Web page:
Trip gives visitors close-up look at challenges of commercial fishing

Trip gives visitors close-up look at challenges of commercial fishing
The special fishing trip was part of an event called "Come Fish off My Boat." (Photo source: WLOX)
The special fishing trip was part of an event called "Come Fish off My Boat." (Photo source: WLOX)
The purpose of this trip is to give scientists, researchers and others a close-up look at the challenges facing longtime fishermen. (Photo source: WLOX)
The purpose of this trip is to give scientists, researchers and others a close-up look at the challenges facing longtime fishermen. (Photo source: WLOX)
The director of the Mississippi-Alabama Sea Grant Consortium would like to see restoration projects that benefit fisheries. (Photo source: WLOX)
The director of the Mississippi-Alabama Sea Grant Consortium would like to see restoration projects that benefit fisheries. (Photo source: WLOX)
Fishermen like Bien Do and his wife would like to see restoration projects that put fishermen to work, like the post-Katrina oyster relays. (Photo source: WLOX)
Fishermen like Bien Do and his wife would like to see restoration projects that put fishermen to work, like the post-Katrina oyster relays. (Photo source: WLOX)

MISSISSIPPI SOUND (WLOX) - A longtime Vietnamese fisherman took a group on a special fishing trip Monday. They were part of an event called "Come Fish off My Boat." The unique trip called attention to the plight of commercial fishermen and sparked conversations about efforts to restore the fishery.

Captain Bien Do hosted visitors aboard his 60 foot shrimp boat, which pulled away from the Pass Christian harbor shortly after sunrise Monday. The purpose of this trip is to give scientists, researchers and others a close-up look at the challenges facing longtime fishermen.

In a good season, his boat would be dredging oysters right now. But recent years have been challenging.

Thao Vu is with the Mississippi Coalition for Vietnamese-American Fisher Folks & Families.

"She used to be able to harvest a lot of oysters back then. But in the past four years, it's been very, very depleted. And it's a terrible state for the oyster reefs," said Vu.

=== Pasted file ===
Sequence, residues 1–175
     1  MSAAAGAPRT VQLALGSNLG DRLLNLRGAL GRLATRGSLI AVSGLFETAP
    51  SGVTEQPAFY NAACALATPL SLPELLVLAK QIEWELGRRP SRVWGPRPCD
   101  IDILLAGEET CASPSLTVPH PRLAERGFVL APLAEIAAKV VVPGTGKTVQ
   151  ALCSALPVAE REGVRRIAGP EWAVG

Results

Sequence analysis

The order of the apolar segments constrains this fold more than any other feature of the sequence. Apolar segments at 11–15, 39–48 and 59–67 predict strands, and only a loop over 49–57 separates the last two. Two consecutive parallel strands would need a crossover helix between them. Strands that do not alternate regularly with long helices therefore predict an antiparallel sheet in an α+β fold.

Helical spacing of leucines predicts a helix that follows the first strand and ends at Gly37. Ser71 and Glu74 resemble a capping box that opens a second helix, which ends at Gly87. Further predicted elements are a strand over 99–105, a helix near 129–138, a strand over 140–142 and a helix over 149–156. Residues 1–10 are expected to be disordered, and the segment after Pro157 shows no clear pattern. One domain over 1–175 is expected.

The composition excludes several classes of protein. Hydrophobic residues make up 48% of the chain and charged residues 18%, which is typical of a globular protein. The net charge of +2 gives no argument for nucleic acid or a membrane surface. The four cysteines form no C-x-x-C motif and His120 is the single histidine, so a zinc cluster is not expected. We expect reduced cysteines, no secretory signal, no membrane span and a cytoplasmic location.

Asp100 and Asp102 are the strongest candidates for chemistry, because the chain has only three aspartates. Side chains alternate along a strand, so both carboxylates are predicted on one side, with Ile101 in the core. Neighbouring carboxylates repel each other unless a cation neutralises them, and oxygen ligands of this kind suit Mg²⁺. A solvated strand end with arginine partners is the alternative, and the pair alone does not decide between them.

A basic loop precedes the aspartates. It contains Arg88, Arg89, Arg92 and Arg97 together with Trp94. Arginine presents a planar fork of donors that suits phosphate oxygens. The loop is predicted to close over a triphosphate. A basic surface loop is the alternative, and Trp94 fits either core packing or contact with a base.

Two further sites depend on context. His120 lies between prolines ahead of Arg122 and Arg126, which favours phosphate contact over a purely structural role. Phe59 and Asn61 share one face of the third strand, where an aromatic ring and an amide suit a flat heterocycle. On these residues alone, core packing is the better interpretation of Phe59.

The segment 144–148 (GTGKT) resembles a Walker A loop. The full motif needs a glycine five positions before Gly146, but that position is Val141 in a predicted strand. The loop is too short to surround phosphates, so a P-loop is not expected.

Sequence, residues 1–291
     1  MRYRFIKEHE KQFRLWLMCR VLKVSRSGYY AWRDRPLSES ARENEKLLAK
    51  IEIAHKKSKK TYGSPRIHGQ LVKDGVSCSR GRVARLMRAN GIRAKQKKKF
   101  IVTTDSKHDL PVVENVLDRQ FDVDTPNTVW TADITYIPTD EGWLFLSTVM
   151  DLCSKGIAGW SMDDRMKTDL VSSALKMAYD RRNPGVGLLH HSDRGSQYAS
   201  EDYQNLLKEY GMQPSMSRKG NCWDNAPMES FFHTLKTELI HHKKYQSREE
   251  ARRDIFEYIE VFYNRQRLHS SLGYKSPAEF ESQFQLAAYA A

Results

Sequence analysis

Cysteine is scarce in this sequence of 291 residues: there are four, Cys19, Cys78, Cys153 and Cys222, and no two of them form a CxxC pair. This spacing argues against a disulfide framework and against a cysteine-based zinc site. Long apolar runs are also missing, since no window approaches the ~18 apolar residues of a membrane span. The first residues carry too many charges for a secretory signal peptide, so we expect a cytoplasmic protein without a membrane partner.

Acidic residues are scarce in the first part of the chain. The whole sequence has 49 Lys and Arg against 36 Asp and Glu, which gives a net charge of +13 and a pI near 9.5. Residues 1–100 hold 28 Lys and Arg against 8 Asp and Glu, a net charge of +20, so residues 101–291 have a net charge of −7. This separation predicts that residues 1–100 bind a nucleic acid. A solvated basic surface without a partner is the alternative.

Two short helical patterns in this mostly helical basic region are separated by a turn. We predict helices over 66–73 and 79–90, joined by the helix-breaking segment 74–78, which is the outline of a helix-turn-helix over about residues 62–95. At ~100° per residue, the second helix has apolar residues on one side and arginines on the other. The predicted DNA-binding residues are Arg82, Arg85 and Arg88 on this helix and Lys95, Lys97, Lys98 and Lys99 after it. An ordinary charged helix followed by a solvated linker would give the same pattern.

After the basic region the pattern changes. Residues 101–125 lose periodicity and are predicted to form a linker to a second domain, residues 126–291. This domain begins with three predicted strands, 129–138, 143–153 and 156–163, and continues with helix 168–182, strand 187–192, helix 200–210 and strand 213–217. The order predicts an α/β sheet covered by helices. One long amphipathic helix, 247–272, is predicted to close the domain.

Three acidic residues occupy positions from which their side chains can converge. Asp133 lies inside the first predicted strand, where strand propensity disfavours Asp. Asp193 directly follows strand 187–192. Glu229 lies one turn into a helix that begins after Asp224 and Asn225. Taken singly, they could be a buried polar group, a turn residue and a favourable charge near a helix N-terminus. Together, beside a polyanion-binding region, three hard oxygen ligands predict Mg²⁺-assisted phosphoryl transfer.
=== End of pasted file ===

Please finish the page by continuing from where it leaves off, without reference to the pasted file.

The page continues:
Many of those aboard this trip have some role in the post-oil spill restoration planning and projects. The outing was a chance to share concerns and plans.

"In that land proposal is education money that will go to the individual sea grants," said one of the planners involved with restoration work.

"The good news is that we have been talking to each other, that there's a lot of human being that are on RESTORE, that are on NRDA," said another.

Fishermen like Bien Do and his wife would like to see restoration projects that put fishermen to work, like the post-Katrina oyster relays.

"They had around 80 fishermen, experienced fishermen that relayed. And that's the kind of restoration projects they really think should be the focus for fishermen," said Vu.

The director of the Mississippi-Alabama Sea Grant Consortium would like to see restoration projects that benefit fisheries.

"Does things like create oyster reefs to clean up the water, provide habitat, to go in and put in new marshes. Create new marshes so you provide that habitat. If we don't have the habitat, we're certainly not going to have the fishery that we're accustomed to over the last decades," said Ladon Swann, director of the Mississippi-Alabama Sea Grant Consortium.

Fishermen like Bien Do are primary stake holders in the long term benefit of such restoration projects. They remain hopeful the fishery can continue to sustain their livelihood.

"The season is a great deal of uncertainty. And they have to invest a lot of money in gear. So, it's very difficult for fishermen right now," said Vu.

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